Arre Caballito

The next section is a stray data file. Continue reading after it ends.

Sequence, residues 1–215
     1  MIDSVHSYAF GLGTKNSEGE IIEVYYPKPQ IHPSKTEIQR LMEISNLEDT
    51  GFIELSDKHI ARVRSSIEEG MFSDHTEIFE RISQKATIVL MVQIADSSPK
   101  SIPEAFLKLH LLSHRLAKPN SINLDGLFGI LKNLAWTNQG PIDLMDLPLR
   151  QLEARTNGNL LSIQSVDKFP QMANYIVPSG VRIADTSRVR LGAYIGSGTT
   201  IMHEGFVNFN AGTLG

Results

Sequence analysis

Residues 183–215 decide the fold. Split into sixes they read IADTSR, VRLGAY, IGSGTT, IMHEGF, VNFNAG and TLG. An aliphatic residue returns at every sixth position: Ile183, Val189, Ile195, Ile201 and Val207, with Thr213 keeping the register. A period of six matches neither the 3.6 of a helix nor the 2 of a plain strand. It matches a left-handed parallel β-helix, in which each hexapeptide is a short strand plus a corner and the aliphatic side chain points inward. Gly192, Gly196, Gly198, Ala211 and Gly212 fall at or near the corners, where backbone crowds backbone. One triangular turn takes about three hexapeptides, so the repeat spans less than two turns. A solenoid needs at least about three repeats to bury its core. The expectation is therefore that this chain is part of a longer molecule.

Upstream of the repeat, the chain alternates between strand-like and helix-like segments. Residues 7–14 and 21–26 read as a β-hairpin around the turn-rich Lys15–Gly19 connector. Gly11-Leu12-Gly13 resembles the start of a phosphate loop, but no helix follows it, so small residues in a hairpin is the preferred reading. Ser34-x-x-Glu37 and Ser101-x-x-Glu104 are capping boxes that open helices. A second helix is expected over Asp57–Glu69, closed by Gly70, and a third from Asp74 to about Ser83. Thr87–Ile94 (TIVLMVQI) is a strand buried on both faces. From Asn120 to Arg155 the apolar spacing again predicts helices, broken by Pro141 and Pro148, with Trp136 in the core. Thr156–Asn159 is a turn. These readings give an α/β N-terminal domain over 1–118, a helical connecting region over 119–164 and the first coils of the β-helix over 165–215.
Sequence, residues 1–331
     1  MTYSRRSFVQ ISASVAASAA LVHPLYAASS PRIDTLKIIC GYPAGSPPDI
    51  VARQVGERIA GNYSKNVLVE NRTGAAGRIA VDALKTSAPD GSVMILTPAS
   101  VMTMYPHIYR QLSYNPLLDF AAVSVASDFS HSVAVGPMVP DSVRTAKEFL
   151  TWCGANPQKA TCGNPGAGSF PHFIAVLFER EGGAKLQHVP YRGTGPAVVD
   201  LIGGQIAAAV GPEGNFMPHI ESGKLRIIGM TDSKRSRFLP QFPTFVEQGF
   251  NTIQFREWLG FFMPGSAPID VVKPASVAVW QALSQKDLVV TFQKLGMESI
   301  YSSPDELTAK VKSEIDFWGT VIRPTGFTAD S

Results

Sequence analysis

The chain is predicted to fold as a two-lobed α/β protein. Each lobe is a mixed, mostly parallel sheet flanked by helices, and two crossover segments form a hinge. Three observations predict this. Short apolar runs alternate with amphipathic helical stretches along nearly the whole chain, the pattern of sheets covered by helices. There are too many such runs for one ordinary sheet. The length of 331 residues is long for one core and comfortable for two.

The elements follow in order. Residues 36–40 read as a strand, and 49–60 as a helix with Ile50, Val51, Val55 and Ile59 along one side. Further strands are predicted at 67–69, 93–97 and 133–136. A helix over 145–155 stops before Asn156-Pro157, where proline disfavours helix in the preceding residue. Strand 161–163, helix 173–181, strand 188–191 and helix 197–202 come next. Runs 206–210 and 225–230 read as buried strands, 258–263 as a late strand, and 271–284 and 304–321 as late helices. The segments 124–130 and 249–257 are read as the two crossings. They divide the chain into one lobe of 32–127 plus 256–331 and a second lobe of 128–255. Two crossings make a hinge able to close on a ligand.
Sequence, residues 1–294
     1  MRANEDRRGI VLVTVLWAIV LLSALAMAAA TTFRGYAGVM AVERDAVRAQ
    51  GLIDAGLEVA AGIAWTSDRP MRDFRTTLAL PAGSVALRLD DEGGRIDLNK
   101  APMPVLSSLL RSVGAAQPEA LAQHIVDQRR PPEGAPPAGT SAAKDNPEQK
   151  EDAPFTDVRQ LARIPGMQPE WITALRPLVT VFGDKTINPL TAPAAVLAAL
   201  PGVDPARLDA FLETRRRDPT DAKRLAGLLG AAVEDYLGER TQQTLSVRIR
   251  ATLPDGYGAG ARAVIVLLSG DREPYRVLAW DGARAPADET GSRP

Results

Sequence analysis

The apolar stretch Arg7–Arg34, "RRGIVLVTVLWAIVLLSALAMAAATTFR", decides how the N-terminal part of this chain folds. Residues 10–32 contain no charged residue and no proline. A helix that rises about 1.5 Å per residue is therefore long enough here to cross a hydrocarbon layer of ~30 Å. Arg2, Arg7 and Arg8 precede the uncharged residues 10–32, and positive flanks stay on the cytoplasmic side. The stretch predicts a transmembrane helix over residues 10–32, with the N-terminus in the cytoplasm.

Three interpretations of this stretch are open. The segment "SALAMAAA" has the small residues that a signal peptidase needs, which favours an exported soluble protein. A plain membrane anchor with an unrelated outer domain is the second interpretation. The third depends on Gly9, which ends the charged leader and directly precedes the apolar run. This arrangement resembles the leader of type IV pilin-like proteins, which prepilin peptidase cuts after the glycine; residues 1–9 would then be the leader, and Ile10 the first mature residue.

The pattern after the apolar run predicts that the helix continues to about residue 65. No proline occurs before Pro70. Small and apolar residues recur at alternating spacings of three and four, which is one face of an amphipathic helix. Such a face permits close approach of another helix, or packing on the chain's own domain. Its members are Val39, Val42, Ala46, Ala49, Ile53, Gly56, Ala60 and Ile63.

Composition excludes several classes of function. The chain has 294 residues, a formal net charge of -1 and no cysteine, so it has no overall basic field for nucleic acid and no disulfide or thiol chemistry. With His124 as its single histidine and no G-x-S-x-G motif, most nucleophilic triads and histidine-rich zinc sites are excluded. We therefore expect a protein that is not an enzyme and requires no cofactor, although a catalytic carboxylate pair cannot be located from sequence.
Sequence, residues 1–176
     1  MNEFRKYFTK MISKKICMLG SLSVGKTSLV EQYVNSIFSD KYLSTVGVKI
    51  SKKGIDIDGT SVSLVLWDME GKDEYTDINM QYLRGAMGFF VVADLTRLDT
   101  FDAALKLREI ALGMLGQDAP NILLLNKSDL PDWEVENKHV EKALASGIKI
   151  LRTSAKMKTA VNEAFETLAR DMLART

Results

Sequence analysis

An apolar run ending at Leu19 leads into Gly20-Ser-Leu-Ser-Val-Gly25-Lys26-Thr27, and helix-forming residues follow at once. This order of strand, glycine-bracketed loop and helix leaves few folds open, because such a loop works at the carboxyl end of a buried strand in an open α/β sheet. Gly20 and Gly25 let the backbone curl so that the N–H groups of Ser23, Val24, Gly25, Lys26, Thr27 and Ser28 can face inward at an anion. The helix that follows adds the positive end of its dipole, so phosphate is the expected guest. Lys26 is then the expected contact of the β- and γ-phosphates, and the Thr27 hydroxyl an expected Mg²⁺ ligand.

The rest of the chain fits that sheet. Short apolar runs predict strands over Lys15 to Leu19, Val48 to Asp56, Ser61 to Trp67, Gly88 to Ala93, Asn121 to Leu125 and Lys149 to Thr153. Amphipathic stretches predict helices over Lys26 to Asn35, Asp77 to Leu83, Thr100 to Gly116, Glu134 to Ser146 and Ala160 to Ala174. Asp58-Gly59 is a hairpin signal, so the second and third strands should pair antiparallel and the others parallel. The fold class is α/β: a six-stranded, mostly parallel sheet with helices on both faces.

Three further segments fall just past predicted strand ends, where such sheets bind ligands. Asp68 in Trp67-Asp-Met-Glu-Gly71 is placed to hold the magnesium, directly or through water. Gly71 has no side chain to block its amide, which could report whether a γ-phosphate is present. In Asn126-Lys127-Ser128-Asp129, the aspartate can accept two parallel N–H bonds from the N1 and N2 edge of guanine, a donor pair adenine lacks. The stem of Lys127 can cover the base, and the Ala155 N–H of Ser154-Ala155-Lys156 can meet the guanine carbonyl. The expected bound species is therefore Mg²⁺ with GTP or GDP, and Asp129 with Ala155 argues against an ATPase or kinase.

Infopesa present a reissue of Manzanita Y Su Conjunto's Arre Caballito, originally released in 1970. Bernardo Hernández, born in the district of Laredo (province of Trujillo), had a predominant role in shaping the origins of Peruvian Cumbia. Under his artistic name, Manzanita, he showcased his prodigious talent as a guitar player through years of live performance. Manzanita discovered his passion for the guitar at an early age, joining his older brother in various performances of Criollo music. In 1962, he was part of the group called Los Pacharacos (later Los Pachas), where he stood out thanks to his guitar skills and a sublime fusion of tropical rhythms and Huayno. His compositions and performances, imbued with full-blooded inventiveness, were seen by hundreds across the region. Manzanita, along with Enrique Delgado (from Los Destellos), must be credited as leading figures and founders of Peruvian Cumbia -- a genre that differs from other variants of Cumbia due to the inclusion of the electric guitar. In, 1968, Bernardo Hernández formed his own group. He met musical producer Alberto Maraví who, upon witnessing his talents, decided to collaborate with him in the release of his first 45RPM; this recording included the songs "Arre Caballito" and "La Parada". But all these plans needed something else to propel the artist toward superstardom: a no-nonsense commercial name. One day, Alberto Maraví asked him if he had any nicknames as a kid and he responded: "Manzanita". Maraví said, "BINGO!" And the rest is history. That same year, the track "Arre Caballito" became an instant hit in Peru. Its record-breaking sales and commercial success led to the recording of Manzanita's first LP, which was released in 1970 and also titled Arre Caballito. This LP was yet another triumph for the guitarist who was only 27 years old at the time. It became the key that opened the door to the bright beginnings of the Peruvian Cumbia. This legendary vinyl returns, renewing and confirming Manzanita's title as "The Greatest Peruvian Guitarist", reacquainting fans with his mesmeric music and paying homage to his legacy. Remastered at Infopesa's studio by Aldo Montalvo under the direction of Juan Ricardo and Alberto Maraví, who produced and oversaw the original mastering of the record in 1970. Reinterpreted artwork using the original cover by Peruvian collage master, Yerko Zlatar. Includes Spanish/English liner notes.